Grid-Group Theory

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= there are four primary ways of organizing, perceiving, and justifying social relations (usually called ‘ways of life,’ or ‘social solidarities’): egalitarianism, hierarchy, individualism and fatalism.


Michael Thompson:

"It is possible – at least in principle – to distinguish simultaneously between a limited number of social and cultural forms, and still recognize wide social and cultural variety. Physics has maintained that all the material objects that we can observe on earth and beyond consist of endlessly varying combinations of only six basic particles (or, in more recent formulations, a small number of strings). Analogously, it might be possible to discern a limited number of fundamental forms of social organization from which a large variety of ultimate forms of social and cultural life can be derived. This is the starting point of what we have come to call cultural theory.[1]

The original aim of this theory was to devise a typology of social forms that fit – to the extent possible – the classificatory schemes developed by the grand old social theorists (Durkheim, Tönnies, Maine, Weber, etc.), as well as the evidence collected in subsequent ethnographic studies.[2] According to our cultural theory, there are four primary ways of organizing, perceiving, and justifying social relations (usually called ‘ways of life,’ or ‘social solidarities’): egalitarianism, hierarchy, individualism and fatalism.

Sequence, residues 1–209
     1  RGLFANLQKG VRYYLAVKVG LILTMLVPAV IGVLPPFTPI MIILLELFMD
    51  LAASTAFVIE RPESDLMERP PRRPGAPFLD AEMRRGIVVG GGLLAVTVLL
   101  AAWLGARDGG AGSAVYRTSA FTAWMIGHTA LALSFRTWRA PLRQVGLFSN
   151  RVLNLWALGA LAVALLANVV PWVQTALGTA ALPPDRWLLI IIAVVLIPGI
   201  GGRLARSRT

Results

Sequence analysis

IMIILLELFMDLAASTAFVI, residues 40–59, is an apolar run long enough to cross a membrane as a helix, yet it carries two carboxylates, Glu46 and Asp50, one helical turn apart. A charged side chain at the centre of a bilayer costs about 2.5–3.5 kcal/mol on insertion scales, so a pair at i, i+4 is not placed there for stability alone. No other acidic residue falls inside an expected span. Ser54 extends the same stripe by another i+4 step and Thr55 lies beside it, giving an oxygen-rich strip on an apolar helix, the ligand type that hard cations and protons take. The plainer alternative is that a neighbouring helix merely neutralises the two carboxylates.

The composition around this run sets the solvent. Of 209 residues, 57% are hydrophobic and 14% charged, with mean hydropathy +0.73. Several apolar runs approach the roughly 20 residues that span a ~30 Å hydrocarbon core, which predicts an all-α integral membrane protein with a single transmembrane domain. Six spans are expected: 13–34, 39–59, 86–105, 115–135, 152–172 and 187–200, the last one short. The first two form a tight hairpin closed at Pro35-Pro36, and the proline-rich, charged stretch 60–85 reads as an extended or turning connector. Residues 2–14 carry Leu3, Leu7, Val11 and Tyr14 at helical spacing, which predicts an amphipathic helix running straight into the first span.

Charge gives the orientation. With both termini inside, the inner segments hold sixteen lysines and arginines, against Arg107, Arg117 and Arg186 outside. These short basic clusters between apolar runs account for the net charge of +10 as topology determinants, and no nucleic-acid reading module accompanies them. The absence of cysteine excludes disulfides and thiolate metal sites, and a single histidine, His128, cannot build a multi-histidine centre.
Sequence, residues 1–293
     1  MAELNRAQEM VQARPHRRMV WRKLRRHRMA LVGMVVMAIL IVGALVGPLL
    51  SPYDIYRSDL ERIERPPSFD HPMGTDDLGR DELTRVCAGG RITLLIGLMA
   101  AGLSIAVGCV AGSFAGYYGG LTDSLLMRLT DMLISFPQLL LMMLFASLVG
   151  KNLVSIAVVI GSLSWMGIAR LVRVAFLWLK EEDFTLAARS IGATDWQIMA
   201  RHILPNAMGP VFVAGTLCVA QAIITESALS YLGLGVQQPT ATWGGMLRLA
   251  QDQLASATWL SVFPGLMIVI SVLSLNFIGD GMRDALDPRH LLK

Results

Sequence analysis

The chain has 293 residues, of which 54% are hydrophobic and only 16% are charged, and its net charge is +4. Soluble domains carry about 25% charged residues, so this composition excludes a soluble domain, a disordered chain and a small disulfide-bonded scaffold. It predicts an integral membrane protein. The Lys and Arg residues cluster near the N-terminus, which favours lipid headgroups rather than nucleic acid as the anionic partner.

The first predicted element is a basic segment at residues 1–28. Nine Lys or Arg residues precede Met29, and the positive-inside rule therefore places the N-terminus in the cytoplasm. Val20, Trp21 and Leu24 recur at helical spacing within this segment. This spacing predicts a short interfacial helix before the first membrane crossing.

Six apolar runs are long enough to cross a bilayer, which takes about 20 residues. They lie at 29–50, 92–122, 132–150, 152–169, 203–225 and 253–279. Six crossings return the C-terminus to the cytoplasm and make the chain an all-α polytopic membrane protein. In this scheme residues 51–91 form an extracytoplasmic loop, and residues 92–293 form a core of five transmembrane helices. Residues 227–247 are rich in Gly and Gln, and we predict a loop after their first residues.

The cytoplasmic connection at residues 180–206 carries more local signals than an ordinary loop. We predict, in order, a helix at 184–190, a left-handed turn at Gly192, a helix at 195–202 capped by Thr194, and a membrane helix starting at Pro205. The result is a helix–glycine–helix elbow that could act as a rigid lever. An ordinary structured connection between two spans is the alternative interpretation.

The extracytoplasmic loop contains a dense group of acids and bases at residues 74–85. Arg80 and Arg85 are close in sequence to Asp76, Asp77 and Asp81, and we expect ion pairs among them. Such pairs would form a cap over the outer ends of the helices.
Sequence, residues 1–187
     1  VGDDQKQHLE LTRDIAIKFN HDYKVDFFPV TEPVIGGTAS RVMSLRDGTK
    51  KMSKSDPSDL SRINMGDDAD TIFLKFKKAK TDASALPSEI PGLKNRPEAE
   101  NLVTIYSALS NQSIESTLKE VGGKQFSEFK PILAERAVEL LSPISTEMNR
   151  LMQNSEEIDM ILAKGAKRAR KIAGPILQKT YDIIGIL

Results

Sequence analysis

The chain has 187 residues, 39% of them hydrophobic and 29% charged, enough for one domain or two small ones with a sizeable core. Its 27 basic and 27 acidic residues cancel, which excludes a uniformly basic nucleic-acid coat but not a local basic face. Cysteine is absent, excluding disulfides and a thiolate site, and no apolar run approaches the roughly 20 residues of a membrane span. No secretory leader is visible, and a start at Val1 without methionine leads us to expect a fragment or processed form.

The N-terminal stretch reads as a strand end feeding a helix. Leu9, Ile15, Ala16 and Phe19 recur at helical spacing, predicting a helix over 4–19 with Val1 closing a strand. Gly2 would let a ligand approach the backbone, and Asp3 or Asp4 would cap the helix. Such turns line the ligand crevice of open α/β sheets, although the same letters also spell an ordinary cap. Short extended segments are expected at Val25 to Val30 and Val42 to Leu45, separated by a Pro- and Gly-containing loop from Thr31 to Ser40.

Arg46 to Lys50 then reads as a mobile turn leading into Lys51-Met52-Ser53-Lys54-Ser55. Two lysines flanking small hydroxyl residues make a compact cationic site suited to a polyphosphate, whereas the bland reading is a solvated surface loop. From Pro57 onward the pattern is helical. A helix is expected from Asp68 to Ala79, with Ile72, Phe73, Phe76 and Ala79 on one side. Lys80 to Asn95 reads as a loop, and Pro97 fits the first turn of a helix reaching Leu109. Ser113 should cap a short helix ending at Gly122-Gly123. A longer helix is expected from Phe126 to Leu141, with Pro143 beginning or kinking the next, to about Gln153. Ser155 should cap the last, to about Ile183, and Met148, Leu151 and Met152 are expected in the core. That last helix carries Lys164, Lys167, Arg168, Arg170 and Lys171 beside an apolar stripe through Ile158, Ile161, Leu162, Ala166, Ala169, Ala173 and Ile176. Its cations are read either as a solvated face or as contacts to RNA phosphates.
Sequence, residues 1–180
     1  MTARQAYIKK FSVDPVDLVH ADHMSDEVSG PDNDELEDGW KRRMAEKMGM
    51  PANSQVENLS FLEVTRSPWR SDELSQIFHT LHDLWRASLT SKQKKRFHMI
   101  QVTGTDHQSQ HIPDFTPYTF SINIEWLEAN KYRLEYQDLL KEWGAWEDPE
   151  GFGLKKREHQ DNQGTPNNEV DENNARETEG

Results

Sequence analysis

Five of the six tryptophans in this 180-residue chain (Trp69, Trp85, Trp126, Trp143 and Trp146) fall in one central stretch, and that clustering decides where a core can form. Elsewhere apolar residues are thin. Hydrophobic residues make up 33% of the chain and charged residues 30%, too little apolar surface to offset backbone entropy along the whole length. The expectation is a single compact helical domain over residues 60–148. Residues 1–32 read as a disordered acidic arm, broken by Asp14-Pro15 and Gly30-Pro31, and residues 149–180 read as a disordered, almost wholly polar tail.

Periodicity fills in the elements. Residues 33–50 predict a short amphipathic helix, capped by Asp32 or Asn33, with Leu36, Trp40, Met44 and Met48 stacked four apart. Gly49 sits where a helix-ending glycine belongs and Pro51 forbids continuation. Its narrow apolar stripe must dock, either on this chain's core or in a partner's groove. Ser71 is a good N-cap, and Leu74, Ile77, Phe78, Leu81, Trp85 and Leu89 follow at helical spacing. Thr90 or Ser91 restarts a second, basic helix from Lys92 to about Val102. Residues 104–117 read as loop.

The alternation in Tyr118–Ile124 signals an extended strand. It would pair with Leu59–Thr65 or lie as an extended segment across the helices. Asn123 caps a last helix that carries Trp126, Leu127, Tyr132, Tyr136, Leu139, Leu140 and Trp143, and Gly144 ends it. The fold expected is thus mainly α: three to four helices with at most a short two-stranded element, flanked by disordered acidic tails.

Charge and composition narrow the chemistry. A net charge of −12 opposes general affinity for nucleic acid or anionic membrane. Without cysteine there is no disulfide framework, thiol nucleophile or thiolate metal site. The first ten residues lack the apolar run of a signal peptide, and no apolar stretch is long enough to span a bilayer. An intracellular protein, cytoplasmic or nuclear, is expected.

We postulate that these four ways of life are in conflict in every conceivable domain of social life. Most such domains (say the way in which a school operates, or the way in which an international regime functions) will consist of some dynamic combination of these pure forms. As many social domains can be distinguished within and between societies (and as many societies can be distinguished around the world), the theory allows one to perceive a wide and ever-changing cultural and social variety – while still enabling one to formulate general propositions about social and political life. These propositions include possible ways in which people perceive and attempt to stave off a threat such as climate change. In order to explain and illustrate this, we will have to set out our cultural theory in some detail.

Each of the four ways of life consists of a specific way of structuring social relations and a supporting cast of particular beliefs, values, emotions, perceptions, and interests.[3] Our fourfold typology is strictly derived from two dimensions of sociality: what we will call ‘grid’ and ‘group’.[4] Grid measures the extent to which role differentiation constrains the behavior of individuals: where roles are primarily ascribed, grid constraints are high; where roles are primarily a matter of choice, grid constraints are low. Group, by contrast, measures the extent to which an overriding commitment to a social unit constrains the thought and action of individuals.